After sitting with him for about 45 minutes explaining to him what PRO's (Performing Rights Organizations) do and why it was important to not only register his copyrighted songs with the U.S. Library of Congress, but to also join a PRO as a writer and publisher, realized that he never sat down with an industry pro before.

Perhaps his false confidence stemmed from an expectation of immediate success. It seems that generation Y, has so aptly ingrained into their DNA an expectation of always getting their way without having to do much heavy lifting. You would think that this was an isolated incident, but sadly, this seems to be the standard with today's generation of music business up and comers. I believe this is the byproduct of raising children with an "everybody's a winner" mentality, but I'm not Dr. Phil and this isn't a talk show.

If The Previous Scenario Wasn't Enough Proof Of Music Career Arrogance,
Try This Next Story On For Size

An artist who friended me on Facebook, asked me to checkout her ReverbNation page and give her professional critique of her music-and for free no less. Feeling charitable, I listened to her music-not too impressive. She was certainly talented as a vocalist and songwriter, but her songs, out-and-out sucked. They weren't anything that my colleagues or me would be remotely interested in. Rather than blatantly telling her that her songs sucked, I sugar-coated it a bit and tried to break it to her softly. When I told her that she needed to find better production, I was immediately cursed out and my creditability was questioned. That's what I get for doing a freebie. As an artist, if you are not receptive to criticism, you will never be receptive to opportunity. Indie artists should be ready and willing for success, anything less than that is bad for business.

Before you shoot yourself in the foot by pissing off someone who can help your music career shatter the glass ceiling, it would be wise to put your ego in check. Own up to the fact that you really don't know everything. If you knew everything about the music business, then you wouldn't be seeking knowledge and help from others.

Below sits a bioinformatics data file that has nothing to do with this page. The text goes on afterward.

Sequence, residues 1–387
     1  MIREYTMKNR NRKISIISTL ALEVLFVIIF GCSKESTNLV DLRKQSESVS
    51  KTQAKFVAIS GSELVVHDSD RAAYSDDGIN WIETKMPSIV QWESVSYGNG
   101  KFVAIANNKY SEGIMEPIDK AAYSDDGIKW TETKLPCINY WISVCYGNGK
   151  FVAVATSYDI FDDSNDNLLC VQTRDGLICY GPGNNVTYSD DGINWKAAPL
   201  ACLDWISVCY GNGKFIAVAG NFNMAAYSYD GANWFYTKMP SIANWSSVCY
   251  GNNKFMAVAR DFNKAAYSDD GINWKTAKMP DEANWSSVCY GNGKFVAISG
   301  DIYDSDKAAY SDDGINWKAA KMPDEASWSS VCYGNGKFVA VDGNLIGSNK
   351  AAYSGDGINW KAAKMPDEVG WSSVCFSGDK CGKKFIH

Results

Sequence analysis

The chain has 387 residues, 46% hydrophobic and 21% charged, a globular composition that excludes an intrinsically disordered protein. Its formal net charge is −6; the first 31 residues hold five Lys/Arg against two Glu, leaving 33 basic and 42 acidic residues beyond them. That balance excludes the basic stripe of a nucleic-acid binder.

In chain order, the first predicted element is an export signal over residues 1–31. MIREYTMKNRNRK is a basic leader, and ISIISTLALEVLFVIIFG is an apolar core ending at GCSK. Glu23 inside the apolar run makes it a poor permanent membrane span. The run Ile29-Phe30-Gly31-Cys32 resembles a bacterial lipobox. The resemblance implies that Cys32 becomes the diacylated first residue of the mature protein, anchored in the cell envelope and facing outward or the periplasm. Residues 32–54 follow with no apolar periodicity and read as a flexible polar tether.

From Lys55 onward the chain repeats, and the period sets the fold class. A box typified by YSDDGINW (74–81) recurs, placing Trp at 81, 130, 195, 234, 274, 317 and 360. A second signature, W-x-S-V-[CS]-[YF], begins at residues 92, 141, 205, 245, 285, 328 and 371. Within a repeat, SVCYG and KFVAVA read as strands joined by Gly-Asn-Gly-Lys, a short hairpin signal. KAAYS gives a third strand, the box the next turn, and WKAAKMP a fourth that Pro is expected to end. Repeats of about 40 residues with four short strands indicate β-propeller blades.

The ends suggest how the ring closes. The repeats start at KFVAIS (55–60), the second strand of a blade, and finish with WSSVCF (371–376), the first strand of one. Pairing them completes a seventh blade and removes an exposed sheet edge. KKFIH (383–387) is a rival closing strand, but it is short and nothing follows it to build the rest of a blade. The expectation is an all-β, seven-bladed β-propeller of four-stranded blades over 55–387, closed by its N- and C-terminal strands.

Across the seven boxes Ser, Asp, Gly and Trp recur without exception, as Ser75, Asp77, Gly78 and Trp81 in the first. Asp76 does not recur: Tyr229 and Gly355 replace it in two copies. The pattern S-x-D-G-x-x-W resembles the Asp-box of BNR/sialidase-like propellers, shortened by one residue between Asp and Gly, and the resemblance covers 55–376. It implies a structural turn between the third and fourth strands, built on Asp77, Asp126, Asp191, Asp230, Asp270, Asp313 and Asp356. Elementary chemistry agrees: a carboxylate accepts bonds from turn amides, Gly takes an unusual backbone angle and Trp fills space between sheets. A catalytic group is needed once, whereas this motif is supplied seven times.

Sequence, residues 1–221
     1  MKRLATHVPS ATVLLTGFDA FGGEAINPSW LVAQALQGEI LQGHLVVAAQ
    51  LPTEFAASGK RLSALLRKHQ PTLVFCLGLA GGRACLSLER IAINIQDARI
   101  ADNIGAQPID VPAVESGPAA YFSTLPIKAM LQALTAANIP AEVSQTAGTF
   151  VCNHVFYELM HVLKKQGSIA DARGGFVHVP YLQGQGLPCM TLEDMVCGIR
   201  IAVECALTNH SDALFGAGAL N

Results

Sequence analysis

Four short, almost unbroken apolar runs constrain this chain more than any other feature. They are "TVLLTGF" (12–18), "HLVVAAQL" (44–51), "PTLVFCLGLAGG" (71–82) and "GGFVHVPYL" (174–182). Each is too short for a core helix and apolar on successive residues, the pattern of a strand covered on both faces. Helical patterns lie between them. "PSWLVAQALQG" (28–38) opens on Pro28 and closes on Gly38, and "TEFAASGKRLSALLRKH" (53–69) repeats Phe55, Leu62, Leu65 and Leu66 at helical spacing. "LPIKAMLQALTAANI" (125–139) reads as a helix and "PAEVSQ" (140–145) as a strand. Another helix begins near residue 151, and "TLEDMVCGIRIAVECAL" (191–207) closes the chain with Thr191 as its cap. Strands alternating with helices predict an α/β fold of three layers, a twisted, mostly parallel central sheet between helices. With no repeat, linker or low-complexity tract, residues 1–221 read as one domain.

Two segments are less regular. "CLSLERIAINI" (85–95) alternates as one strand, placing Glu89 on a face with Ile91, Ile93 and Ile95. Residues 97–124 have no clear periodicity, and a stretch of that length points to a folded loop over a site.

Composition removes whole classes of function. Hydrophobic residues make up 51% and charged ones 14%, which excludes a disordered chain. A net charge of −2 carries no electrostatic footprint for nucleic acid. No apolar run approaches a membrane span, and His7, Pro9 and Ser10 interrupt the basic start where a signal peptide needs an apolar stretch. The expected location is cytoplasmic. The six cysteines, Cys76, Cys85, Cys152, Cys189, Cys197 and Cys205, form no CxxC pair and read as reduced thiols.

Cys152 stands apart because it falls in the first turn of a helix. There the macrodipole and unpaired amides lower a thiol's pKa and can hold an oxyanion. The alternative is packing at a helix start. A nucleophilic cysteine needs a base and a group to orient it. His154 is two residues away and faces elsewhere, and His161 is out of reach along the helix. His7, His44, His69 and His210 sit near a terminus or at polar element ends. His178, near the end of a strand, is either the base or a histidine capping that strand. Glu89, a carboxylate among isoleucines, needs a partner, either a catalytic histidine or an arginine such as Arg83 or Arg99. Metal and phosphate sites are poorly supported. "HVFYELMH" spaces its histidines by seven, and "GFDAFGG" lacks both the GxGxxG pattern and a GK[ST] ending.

Still, today's artists need to realize that the music business has gone strong for over 80 years, and there is nothing, they can say or do that someone who came before them hasn't already said or done. My philosophy; there is nothing you are going to do in this business that someone else hasn't already done or attempted and if they have done it successfully, then they more than likely left a blueprint. Why swim against the current of opportunity when you can swim with the ebb and flow?


Here's the moral of the story, if you are an artist, humility is the order of the day. Being hungry and humble will open more doors than a chauffeur will. Learn the music business, the rules, the players, and basic etiquette and professionalism. Finally, before you work on mastering your look, master your sound, live performance, and most of all your business!

The views, opinions, positions or strategies expressed by the authors and those providing comments are theirs alone, and do not necessarily reflect the views, opinions, positions or strategies of Metro Music Mayhem. We make no representations as to accuracy, completeness, currentness, suitability, or validity of any information contained within and will not be liable for any errors, omissions, or delays in this information or any losses, injuries, or damages arising from its use.